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19-20 Week Scan

At 19-20 Weeks: Morphology Scan

At 12 weeks, you should have had your nuchal translucency (NT) scan to determine your due date, the number of babies present and the risk of Down syndrome or other chromosomal abnormalities. At 19-20 weeks, nearly all pregnancies in Australia undergo a morphology scan referred to as a “genetic scan” or “anomaly scan”.

This scan is used to assess:

  • fetal structural development including brain, face, spine, heart, Lungs, stomach, kidneys, bladder, arms and legs
  • fetal growth
  • placental position and cord insertion
  • amniotic fluid volume
  • cervical length

You will notice a dramatic difference between your 12-week scan and this scan.

2D images

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3D / 4D Images at 18 weeks


3D / 4D Images at 19 weeks


Detecting abnormalities

An amazing amount of detail can often be seen in the morphology scan. However, it is important to realize that not all parts of the baby show up well with ultrasound. No ultrasound examination can ever guarantee a normal fetus. The best centres in the world consistently report on the limitations of ultrasound and its inability to detect all fetal abnormalities. Up to half of fetal heart defects will not be seen. Some of these are only minor, but some may not be apparent until the fetus is bigger, later in the pregnancy. Many bone growth problems, including forms of dwarfism, will only be possibly detectable late in pregnancy and the diagnosis is made from x-rays taken after the baby is born. Conditions such as cerebral palsy, blindness, deafness, autism and most skin and soft tissue lesions are never detected with ultrasound. The fetal position and size of the maternal abdomen are important factors that affect fetal anomaly detection. It is better if your bladder is not emptied just before the scan as it helps push the uterus above your pubic bone and generally makes the scanning more technically satisfactory. We don’t require you to be uncomfortable. Water, tea and coffee are available in our waiting room.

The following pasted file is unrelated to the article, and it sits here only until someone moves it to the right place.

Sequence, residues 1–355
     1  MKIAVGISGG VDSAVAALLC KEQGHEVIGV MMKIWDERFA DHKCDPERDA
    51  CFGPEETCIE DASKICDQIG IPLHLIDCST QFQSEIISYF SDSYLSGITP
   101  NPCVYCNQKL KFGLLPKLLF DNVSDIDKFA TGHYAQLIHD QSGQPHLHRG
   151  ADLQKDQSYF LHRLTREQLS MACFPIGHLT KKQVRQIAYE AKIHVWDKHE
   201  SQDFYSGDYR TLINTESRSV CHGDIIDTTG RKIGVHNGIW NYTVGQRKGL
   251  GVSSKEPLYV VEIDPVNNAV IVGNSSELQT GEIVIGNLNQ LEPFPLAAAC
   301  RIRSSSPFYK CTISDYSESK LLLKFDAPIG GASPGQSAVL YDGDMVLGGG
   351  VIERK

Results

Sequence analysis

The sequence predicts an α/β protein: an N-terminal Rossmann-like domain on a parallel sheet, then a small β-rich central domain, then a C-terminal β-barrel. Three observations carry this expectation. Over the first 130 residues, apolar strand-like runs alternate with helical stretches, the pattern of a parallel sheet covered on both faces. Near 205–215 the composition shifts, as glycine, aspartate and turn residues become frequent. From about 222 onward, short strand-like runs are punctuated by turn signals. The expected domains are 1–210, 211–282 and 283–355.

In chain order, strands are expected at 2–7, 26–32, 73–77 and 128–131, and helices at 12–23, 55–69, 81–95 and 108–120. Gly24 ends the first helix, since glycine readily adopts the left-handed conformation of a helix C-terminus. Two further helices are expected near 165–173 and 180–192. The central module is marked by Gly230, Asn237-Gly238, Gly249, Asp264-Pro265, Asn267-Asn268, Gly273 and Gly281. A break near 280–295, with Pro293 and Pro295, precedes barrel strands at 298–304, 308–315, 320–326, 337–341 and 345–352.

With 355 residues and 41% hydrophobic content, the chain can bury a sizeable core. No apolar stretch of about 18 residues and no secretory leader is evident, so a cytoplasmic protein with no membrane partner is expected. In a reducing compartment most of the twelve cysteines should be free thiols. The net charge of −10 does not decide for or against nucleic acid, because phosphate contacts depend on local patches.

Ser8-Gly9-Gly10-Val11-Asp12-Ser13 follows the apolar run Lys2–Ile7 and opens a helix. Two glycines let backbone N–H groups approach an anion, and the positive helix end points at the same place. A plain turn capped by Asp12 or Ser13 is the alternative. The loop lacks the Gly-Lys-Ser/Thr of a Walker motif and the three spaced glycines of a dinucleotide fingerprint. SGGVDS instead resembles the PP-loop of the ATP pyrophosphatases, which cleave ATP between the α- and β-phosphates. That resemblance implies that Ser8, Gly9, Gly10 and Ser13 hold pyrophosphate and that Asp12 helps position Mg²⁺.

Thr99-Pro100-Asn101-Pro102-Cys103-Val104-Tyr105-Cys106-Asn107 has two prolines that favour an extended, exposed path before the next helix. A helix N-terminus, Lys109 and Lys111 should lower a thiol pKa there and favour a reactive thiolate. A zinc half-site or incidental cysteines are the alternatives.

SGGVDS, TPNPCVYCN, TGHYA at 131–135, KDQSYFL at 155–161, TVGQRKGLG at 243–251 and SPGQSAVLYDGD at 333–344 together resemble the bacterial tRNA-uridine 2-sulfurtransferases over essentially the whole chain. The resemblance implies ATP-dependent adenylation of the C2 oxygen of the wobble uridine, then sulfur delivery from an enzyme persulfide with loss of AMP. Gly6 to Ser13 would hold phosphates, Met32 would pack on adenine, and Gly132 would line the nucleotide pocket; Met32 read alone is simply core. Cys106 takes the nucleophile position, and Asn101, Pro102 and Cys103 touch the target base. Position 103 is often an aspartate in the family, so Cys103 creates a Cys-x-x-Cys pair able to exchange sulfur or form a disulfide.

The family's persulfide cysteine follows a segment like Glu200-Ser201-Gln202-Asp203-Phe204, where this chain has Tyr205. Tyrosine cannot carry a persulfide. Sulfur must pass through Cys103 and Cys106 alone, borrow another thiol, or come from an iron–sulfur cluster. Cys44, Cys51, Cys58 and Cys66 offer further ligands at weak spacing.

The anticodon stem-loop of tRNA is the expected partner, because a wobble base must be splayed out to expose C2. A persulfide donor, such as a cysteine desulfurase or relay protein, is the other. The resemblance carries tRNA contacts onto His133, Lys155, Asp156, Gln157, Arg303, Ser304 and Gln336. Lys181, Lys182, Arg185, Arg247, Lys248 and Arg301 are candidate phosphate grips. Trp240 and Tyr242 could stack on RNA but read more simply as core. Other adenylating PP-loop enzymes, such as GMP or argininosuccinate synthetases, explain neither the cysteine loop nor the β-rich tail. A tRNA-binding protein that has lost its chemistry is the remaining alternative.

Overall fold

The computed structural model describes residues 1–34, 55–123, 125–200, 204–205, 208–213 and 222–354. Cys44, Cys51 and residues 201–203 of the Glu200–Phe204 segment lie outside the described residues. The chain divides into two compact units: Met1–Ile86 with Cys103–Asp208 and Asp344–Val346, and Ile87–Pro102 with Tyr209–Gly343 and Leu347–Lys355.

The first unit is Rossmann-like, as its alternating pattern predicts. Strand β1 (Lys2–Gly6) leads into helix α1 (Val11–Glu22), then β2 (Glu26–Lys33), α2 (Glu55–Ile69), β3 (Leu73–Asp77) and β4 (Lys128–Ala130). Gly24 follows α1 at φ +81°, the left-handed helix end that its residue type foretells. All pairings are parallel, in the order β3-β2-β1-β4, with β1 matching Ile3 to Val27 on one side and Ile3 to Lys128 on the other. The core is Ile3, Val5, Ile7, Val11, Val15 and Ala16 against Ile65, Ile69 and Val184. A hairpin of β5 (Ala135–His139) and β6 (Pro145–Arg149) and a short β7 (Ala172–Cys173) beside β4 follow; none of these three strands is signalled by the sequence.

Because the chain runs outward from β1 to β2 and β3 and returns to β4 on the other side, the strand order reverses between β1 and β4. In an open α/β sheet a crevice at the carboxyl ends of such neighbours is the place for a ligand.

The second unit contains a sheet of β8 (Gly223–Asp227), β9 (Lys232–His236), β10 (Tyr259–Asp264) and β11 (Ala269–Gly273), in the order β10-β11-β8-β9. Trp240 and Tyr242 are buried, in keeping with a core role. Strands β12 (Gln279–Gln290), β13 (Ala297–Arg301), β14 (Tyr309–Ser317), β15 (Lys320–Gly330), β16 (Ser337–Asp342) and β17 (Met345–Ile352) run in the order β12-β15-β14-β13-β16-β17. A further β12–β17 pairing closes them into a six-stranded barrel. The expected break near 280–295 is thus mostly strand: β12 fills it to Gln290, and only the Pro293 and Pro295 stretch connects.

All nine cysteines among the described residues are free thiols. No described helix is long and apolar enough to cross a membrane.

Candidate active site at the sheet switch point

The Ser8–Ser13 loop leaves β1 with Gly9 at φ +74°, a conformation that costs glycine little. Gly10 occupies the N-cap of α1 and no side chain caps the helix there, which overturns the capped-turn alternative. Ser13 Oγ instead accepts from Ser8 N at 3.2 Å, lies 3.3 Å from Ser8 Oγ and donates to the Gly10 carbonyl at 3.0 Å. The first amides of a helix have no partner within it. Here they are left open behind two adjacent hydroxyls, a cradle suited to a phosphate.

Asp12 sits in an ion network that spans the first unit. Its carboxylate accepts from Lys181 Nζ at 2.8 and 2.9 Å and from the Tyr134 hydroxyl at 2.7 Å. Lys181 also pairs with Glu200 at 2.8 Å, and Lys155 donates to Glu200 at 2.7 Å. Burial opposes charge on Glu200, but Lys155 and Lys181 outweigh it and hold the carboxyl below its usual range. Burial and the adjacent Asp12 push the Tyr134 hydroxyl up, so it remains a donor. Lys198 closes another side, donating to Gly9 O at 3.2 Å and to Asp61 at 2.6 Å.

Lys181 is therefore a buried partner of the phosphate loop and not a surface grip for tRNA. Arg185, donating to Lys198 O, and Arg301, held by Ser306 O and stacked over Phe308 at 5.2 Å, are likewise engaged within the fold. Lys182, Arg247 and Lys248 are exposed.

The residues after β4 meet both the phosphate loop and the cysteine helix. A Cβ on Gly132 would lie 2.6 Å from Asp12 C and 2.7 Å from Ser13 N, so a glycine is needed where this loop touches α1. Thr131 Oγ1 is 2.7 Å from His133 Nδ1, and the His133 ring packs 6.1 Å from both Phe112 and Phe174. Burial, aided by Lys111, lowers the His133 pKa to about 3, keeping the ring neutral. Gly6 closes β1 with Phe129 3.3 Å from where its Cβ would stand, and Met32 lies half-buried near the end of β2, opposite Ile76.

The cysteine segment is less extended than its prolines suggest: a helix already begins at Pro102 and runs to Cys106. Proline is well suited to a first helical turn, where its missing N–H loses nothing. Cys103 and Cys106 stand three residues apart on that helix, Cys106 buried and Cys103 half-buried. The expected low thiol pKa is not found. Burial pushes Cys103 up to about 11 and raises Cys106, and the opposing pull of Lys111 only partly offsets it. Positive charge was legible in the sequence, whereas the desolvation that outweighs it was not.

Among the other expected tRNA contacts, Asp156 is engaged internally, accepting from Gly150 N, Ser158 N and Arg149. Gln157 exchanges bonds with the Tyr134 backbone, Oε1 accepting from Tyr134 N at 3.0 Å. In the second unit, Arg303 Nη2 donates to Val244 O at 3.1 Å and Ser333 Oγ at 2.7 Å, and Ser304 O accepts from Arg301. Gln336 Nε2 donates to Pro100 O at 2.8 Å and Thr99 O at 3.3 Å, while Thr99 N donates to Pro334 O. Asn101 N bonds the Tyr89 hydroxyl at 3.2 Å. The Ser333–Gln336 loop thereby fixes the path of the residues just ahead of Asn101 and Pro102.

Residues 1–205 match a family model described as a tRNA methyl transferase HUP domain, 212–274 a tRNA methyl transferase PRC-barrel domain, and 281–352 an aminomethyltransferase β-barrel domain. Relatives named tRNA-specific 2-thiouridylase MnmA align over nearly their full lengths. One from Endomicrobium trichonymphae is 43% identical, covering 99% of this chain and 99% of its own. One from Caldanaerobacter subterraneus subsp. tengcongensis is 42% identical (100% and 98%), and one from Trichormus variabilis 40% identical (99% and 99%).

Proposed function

Diagnosing Down syndrome

Down syndrome is a problem whereby every cell in the body has an extra chromosome 21. There is no specific diagnostic finding on ultrasound. It is necessary to look at fetal cells through a microscope to diagnose a chromosomal abnormality. Therefore, chromosomal lesions such as Down syndrome cannot be diagnosed with ultrasound. Some 40% of Down syndrome fetuses will appear normal on the 19-20 week scan. Sometimes, there may be some ultrasound findings that can make us suspicious of an increased chance that the fetus has a chromosome lesion. However, non-invasive ultrasound screening for chromosome lesions is best done at the 12-week NT scan.

Determining the sex of your baby

The sex of your baby can often be determined on this scan. Ultrasound is never 100% accurate and fetal position and cooperation will play a big part. If you don’t wish to know the sex of your baby, please tell us at the start of the examination so we can tell you when to look away from the screen.

Safety and comfort

Ultrasound has been used throughout developed countries all over the world for the past 30- 40 years and no significant harmful effects of obstetric ultrasound have been shown. It is considered safe. For your comfort, you are welcome to bring your partner or support person. Children under the age of 6 are not permitted in the scan rooms.